A useful debate is taking place in the WaPo, between Richard Holbrooke and Newt Gingrich about best approaches to managing the global struggle with Islamic jihadism, and I'm curious to hear reactions from readers of this site to these issues.
Do readers here believe, or disbelieve, the assertion that the struggle with jihadism is the clearly dominant foreign policy issue of this era, the equivalent of the struggles against Nazism and communism from earlier eras? If so, what policies should Democrats propose for winning this struggle? Is "winning" a serious, sensible goal?
To be more specific, is this threat so severe and so impending that, for instance, the U.S. should seriously consider military action to prevent Iran from obtaining nuclear weapons? Would a nuclear-armed Iran pose a "real and present danger" requiring a military response? If not, how should such an Iran be handled?
Whatever happens in Iraq, should the U.S. re-invest military assets into Afghanistan, to prevent what looks like a serious slide back into Taliban & al Quaeda influence? Should the U.S. engage militarily to prevent Somalia from also becoming such a terrorist base?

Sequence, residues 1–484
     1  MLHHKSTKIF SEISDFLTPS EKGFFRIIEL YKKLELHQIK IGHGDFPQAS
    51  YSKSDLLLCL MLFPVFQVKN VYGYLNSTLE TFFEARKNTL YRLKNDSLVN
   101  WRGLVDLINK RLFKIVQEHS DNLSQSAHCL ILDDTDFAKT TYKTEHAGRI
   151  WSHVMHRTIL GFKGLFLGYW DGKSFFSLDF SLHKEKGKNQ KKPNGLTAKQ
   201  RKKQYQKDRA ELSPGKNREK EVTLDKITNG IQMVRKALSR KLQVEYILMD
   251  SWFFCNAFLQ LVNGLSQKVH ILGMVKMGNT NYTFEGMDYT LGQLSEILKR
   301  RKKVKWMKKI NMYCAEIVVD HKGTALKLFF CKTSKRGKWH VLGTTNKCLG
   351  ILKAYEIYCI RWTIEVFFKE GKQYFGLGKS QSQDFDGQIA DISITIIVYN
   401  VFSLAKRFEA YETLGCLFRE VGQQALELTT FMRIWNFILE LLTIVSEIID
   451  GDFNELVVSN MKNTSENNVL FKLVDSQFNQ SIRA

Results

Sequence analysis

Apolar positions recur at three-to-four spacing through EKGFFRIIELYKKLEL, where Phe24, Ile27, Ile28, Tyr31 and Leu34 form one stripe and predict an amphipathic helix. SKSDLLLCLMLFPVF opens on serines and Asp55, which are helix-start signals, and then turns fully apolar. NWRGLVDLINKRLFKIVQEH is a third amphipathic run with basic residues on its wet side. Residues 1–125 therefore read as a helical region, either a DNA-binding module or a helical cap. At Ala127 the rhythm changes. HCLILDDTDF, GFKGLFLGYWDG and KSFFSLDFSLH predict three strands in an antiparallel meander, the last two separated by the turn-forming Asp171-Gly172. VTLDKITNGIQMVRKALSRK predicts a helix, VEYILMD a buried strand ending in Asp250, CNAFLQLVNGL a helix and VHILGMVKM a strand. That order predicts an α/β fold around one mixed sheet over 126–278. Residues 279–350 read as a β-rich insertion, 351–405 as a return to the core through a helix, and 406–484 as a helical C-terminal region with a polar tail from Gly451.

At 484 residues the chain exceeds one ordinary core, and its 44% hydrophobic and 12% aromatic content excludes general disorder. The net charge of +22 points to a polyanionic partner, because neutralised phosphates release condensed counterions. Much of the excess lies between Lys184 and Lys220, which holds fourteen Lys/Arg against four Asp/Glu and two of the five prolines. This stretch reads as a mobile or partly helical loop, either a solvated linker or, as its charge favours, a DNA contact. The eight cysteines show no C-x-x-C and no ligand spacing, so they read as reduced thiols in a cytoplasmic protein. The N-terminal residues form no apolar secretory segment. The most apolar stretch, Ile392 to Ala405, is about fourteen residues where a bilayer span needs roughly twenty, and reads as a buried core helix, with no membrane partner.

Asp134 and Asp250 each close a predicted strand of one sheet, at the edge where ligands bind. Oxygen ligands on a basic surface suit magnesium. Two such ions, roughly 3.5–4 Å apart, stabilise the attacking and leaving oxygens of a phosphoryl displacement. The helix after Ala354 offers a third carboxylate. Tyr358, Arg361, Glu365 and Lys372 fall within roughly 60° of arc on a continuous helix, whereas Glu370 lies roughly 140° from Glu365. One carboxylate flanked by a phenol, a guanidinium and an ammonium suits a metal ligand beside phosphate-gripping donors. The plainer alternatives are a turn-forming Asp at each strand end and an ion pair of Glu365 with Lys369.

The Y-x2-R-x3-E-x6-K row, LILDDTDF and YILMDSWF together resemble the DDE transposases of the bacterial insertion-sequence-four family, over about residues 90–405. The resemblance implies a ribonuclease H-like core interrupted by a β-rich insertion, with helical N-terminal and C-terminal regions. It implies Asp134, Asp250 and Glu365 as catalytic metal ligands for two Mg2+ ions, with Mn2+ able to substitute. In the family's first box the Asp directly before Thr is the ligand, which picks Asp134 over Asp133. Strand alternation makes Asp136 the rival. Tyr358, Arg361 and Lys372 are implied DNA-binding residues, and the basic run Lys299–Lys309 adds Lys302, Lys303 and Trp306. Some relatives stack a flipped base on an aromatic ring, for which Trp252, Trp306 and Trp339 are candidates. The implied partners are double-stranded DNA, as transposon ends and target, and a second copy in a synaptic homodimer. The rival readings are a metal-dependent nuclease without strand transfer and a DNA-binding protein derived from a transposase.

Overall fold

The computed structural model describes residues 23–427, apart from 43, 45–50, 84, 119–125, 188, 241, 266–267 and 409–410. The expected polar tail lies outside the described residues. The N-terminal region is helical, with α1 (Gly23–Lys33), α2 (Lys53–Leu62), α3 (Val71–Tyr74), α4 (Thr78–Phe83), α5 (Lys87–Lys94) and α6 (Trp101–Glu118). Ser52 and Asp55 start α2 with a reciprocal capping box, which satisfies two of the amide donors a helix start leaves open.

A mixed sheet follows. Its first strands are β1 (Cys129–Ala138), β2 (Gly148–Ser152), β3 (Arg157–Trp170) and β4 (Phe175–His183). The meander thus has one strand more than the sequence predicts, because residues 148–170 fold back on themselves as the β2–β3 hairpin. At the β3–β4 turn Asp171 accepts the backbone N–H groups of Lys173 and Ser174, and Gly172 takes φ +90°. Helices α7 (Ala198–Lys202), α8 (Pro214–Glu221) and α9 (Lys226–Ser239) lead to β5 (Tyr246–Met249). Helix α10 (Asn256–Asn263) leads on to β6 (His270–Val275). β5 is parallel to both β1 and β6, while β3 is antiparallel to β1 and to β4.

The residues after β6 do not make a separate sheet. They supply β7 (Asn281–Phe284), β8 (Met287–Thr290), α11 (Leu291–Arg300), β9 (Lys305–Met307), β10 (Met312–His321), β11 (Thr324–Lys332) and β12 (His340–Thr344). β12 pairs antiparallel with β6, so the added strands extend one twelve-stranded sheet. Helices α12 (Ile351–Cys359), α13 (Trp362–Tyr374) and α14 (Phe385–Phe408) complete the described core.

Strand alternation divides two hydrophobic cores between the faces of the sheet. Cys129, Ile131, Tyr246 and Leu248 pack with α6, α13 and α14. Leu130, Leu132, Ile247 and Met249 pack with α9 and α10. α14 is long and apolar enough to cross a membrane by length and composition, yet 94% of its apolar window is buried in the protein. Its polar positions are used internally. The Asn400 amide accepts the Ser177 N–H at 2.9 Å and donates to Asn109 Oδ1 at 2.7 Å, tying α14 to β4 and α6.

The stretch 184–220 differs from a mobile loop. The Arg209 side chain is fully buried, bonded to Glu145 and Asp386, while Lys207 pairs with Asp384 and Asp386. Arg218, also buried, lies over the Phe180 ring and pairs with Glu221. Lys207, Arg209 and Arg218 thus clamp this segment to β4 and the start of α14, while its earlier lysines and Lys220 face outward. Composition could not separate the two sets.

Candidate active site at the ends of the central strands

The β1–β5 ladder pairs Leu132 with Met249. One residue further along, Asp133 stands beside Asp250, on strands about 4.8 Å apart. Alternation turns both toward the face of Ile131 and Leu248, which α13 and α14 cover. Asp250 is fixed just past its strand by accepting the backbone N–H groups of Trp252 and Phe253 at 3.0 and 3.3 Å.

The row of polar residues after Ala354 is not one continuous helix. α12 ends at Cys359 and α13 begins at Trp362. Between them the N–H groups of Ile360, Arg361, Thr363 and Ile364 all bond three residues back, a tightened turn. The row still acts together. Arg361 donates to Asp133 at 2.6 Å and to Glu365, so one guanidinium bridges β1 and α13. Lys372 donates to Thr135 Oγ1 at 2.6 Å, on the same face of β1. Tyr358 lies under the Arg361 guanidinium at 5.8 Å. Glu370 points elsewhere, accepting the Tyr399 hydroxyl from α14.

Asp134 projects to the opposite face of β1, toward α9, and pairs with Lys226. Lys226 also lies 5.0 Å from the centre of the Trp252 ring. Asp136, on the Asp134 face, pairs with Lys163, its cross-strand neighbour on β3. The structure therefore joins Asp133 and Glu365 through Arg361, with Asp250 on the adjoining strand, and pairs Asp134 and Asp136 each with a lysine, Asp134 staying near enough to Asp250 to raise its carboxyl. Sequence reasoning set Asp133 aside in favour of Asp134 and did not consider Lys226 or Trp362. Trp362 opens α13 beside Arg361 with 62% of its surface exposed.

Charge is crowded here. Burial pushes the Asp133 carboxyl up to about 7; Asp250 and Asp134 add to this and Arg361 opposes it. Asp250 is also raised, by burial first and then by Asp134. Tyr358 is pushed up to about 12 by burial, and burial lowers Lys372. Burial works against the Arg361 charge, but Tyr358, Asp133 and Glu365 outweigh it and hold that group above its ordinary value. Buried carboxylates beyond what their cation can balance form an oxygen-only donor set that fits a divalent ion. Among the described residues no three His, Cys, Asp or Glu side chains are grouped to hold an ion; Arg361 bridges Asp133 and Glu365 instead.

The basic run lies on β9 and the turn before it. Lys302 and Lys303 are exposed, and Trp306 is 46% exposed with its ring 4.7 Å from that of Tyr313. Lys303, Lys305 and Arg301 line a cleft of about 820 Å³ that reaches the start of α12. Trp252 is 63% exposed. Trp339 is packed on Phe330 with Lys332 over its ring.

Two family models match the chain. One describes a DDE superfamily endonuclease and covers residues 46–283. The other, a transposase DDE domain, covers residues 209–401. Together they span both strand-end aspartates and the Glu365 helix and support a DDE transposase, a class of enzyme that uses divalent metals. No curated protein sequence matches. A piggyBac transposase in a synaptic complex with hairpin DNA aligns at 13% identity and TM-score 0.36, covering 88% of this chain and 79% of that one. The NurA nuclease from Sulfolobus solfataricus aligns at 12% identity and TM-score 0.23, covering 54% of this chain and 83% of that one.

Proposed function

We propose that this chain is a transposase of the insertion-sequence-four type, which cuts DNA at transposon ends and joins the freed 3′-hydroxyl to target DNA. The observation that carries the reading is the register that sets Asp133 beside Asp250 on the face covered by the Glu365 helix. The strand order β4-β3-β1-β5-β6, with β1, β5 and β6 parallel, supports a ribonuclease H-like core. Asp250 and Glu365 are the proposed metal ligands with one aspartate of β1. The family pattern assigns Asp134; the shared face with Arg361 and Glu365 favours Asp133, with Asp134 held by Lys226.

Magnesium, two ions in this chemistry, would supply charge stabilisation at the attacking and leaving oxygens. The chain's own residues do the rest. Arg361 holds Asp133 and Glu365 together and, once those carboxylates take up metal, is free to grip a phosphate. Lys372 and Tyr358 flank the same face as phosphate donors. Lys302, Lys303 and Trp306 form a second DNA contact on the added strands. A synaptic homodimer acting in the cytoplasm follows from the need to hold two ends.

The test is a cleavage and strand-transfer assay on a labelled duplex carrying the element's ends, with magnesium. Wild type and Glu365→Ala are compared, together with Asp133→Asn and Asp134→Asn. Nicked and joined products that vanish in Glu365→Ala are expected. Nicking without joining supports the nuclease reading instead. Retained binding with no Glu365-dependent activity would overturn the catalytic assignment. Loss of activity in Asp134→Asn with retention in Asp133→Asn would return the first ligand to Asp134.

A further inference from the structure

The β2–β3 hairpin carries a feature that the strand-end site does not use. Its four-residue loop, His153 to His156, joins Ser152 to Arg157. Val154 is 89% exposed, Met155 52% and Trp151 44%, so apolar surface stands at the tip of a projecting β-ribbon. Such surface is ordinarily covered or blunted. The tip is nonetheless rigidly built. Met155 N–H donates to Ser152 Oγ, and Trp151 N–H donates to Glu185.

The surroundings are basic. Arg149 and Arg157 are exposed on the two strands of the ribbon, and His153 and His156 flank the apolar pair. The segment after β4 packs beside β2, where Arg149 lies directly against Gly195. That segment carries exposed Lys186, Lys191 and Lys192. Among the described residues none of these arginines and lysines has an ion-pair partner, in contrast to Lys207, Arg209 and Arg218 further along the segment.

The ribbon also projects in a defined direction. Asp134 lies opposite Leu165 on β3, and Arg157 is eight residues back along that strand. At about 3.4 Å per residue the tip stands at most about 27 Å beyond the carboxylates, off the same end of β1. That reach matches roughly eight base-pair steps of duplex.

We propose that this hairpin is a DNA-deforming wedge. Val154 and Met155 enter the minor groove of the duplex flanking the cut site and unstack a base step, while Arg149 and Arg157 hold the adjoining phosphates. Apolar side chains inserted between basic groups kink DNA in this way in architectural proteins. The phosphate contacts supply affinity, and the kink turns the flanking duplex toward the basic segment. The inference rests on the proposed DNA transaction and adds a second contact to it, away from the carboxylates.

Should the U.S. place significant pressures on Saudi Arabia to end its support for radical Islamist movements, regardless of other considerations?
My questions are narrowly focused here. I certainly don't reject diplomacy, "soft power" approaches, etc. But Democrats have been depicted as too unwilling to use military force, even when faced with real--as opposed to ginned-up--threats. Are Democrats so blinded by anti-Bush hatred that they have not addressed adequately the real threats that loom? Do Democrats accurately comprehend the nature of the threats?
Democratic candidates who are only anti-Bush, anti-Iraq war, but who have no concrete plans for dealing with the larger global threats posed by terrorists willing to engage in suicide bombings, cannot get elected to the White House, IMO. And perhaps should not be elected....